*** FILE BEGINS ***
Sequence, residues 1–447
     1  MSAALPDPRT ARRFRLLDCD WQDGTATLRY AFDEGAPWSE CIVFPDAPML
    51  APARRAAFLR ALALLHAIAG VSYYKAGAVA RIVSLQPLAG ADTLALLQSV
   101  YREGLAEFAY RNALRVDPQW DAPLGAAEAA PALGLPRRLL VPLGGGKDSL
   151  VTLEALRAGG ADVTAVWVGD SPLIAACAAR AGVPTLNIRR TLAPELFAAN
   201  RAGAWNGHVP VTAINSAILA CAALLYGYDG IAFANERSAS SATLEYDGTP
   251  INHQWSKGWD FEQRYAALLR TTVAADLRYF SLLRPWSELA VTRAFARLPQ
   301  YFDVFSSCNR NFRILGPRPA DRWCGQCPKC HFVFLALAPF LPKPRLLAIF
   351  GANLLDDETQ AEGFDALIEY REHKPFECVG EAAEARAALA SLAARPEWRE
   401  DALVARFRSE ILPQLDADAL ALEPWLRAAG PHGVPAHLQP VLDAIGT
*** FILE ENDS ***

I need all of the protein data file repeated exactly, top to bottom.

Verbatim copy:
Sequence, residues 1–447
     1  MSAALPDPRT ARRFRLLDCD WQDGTATLRY AFDEGAPWSE CIVFPDAPML
    51  APARRAAFLR ALALLHAIAG VSYYKAGAVA RIVSLQPLAG ADTLALLQSV
   101  YREGLAEFAY RNALRVDPQW DAPLGAAEAA PALGLPRRLL VPLGGGKDSL
   151  VTLEALRAGG ADVTAVWVGD SPLIAACAAR AGVPTLNIRR TLAPELFAAN
   201  RAGAWNGHVP VTAINSAILA CAALLYGYDG IAFANERSAS SATLEYDGTP
   251  INHQWSKGWD FEQRYAALLR TTVAADLRYF SLLRPWSELA VTRAFARLPQ
   301  YFDVFSSCNR NFRILGPRPA DRWCGQCPKC HFVFLALAPF LPKPRLLAIF
   351  GANLLDDETQ AEGFDALIEY REHKPFECVG EAAEARAALA SLAARPEWRE
   401  DALVARFRSE ILPQLDADAL ALEPWLRAAG PHGVPAHLQP VLDAIGT